Fleas are blood-sucking pests that can drain your dog’s blood if they are large in number. If you notice your dog looking weak and pale, or presenting with pale gums, it could be a result of anemia caused by fleas.
How to Treat Dogs With Fleas
The first and most important step would be seeking professional advice from a veterinarian. I will conduct a proper work-up and tests to determine what level of infestation your dog is dealing with and advise on the best treatment course. However, you can also provide immediate relief for your dog with these:
- A lukewarm bath can provide some relief and get rid of some of the fleas
- Applying topical sprays, powders, or shampoo specially formulated for dog fleas can expel the fleas and bring relief to the dog.
- You can also apply some chemical insecticide to get rid of the fleas that attach to the furniture or carpet.
Conducting proper tests is important for me to accurately diagnose and advise on the best course for treatment.
How to Prevent Fleas in Dogs
It is better to prevent flea infestation in your dog or home than to deal with one. This is because fleas are as dangerous to humans as they are to dogs. A few ways to do this include:
Regular Vet Visits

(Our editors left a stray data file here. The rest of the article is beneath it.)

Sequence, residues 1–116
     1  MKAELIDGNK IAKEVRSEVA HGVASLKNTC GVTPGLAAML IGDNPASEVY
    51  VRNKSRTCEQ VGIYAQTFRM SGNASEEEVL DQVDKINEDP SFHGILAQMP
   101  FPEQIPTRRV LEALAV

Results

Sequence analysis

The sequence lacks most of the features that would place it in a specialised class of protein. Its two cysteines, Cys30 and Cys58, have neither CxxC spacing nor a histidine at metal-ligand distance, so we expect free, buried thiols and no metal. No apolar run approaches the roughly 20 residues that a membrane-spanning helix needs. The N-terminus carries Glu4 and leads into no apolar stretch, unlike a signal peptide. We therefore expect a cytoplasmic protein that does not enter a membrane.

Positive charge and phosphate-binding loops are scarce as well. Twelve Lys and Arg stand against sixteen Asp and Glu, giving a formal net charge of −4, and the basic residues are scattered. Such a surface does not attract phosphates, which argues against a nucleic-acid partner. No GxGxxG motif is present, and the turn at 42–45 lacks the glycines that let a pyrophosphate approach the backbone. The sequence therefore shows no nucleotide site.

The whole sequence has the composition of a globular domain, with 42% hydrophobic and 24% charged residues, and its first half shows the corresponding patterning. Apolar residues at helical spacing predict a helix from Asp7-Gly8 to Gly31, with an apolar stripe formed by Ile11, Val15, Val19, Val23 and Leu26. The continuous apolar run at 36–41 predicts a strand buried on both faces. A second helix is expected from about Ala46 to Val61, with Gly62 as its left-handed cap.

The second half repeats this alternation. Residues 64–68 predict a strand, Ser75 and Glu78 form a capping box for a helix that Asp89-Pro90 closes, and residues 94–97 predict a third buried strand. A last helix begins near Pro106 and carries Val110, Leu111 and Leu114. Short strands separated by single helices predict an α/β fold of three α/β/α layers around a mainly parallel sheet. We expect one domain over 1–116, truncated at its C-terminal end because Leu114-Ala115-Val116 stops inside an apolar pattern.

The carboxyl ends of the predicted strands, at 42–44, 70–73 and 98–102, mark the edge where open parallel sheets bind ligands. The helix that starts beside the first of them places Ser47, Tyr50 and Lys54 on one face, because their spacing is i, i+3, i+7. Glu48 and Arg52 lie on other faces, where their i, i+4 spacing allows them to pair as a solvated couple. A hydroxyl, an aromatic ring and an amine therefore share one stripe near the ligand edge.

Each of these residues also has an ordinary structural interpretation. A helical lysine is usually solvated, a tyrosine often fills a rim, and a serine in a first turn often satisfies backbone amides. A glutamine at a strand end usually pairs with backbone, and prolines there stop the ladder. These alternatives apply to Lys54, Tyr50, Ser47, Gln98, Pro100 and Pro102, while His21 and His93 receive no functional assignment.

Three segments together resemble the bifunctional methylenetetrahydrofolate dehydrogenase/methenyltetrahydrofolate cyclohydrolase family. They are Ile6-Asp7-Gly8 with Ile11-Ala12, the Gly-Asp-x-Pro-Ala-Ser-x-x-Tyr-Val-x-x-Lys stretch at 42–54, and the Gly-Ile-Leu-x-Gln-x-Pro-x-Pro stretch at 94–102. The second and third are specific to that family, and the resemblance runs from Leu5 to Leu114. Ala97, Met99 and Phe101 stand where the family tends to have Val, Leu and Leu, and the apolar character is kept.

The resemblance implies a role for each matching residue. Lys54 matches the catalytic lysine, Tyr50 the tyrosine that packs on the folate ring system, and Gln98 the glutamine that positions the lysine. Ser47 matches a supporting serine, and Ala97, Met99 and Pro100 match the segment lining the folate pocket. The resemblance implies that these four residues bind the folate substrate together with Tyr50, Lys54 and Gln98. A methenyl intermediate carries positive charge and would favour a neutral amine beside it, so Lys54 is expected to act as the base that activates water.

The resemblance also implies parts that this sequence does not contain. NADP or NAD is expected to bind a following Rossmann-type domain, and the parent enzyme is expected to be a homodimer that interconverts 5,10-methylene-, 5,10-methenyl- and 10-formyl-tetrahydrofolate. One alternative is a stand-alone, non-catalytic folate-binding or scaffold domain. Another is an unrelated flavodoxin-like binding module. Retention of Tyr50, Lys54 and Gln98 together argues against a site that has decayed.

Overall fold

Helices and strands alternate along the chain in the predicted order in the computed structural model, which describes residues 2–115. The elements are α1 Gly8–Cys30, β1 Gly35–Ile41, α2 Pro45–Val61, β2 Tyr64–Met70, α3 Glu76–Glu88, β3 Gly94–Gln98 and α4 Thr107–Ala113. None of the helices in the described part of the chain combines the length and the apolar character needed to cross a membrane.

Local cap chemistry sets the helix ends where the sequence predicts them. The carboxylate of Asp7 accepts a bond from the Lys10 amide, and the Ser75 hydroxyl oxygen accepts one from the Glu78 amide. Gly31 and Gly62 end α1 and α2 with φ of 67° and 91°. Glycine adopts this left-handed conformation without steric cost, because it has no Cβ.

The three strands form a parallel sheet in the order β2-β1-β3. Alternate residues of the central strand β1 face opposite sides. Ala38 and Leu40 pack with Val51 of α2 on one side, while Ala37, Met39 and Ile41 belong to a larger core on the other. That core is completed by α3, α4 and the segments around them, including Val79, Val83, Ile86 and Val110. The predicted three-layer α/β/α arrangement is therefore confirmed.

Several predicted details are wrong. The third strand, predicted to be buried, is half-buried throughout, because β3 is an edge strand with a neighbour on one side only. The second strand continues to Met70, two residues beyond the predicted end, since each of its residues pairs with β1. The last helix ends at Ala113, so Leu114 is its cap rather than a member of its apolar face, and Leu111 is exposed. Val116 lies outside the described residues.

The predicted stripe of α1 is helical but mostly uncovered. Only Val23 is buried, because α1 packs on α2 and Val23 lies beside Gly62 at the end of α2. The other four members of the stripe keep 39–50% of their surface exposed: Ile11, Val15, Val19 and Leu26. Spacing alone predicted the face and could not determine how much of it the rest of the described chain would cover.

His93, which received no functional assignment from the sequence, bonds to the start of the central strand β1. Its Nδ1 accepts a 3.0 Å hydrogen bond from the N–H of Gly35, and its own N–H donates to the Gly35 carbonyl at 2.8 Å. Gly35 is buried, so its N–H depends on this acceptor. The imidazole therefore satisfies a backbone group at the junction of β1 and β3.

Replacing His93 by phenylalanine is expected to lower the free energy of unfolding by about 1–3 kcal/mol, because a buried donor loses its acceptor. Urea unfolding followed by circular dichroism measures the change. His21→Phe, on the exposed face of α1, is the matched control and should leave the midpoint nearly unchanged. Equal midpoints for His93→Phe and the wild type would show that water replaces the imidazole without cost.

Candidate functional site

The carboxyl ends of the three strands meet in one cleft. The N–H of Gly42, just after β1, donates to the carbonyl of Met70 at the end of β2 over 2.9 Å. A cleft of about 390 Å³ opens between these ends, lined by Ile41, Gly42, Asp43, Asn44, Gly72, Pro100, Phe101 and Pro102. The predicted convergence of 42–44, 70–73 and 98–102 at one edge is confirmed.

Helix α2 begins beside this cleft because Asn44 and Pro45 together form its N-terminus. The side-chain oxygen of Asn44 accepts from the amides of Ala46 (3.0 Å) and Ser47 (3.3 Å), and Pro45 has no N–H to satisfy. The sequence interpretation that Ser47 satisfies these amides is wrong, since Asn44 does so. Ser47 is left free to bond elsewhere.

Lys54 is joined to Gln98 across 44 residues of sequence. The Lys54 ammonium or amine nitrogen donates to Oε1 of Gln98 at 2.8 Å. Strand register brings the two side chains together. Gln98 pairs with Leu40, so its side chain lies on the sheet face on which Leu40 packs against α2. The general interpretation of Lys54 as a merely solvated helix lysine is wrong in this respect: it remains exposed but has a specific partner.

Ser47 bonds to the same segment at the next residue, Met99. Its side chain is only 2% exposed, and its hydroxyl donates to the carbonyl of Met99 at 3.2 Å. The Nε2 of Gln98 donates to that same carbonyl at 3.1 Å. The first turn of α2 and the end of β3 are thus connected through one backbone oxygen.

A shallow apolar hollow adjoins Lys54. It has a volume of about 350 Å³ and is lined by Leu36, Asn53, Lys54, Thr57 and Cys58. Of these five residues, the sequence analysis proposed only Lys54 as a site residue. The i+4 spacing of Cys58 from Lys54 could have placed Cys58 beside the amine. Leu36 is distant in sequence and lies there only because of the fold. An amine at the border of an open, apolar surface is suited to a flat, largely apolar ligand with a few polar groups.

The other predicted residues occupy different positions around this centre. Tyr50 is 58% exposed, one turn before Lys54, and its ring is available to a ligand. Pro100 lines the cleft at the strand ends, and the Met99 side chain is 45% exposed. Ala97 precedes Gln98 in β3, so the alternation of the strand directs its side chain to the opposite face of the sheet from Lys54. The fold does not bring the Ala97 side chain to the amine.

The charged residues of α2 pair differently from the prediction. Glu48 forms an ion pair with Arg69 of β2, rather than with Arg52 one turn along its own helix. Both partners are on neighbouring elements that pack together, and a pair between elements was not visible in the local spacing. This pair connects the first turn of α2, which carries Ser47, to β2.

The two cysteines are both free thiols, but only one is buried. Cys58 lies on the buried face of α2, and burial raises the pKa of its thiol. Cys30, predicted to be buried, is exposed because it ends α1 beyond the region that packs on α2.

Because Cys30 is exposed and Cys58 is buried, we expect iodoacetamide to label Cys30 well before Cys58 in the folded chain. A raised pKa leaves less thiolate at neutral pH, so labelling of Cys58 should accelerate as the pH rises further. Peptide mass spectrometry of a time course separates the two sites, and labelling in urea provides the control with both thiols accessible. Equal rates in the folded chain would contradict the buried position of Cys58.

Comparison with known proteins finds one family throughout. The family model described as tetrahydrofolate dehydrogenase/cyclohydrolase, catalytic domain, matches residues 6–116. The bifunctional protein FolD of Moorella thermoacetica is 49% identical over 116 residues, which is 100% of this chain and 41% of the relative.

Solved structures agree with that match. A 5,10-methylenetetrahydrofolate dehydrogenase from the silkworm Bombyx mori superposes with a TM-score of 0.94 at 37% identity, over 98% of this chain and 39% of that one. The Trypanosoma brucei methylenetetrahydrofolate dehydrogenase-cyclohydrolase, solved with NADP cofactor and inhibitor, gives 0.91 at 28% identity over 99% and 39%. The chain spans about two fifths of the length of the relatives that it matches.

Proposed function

I can quickly determine if your dog has an infestation at an early stage and prevent it from spreading or causing further damage. Our clinic can also check for other illnesses or issues related to fleas. Make sure you take your dog regularly to a veterinarian.
Flea Prevention Products
There are several products such as a flea prevention dog collar designed to greatly reduce or prevent flea infestation in your dog. I can recommend and prescribe you some of these products. There are some products best for daily use, while others can last for months.
Regular and Thorough Grooming
Grooming your dog should be done regularly and thoroughly. Check them for flea bites. Keep your dog clean at all times and away from your trash bin or dirty surfaces. Avoid them rolling in dirty gardens or eating anything outside during a road walk.
Another aspect of dog grooming includes caring for your dog’s belongings and personal effects. Wash their beds, blankets, toys, and other objects thoroughly under a hot cycle. You can add some bleach, detergent, or flea prevention powder.
You can also spray their beds and immediate surroundings with the prevention powder.
Keep Your House Clean
Save your dog from catching fleas from anywhere inside or outside the home. Keep your home and surroundings clean at all times. Vacuum your home regularly at high suction. They can suction up fleas and eggs from unusual or hidden places. Other devices such as a steam cleaner can also eliminate fleas with the soap and steam they produce
Fleas are nasty animals that can cause serious health complications to both the dog and its owner. Keep your house and dog surroundings clean to prevent infestation. Maintain regular checkups with our clinic and always seek our opinion before treating your dog for fleas.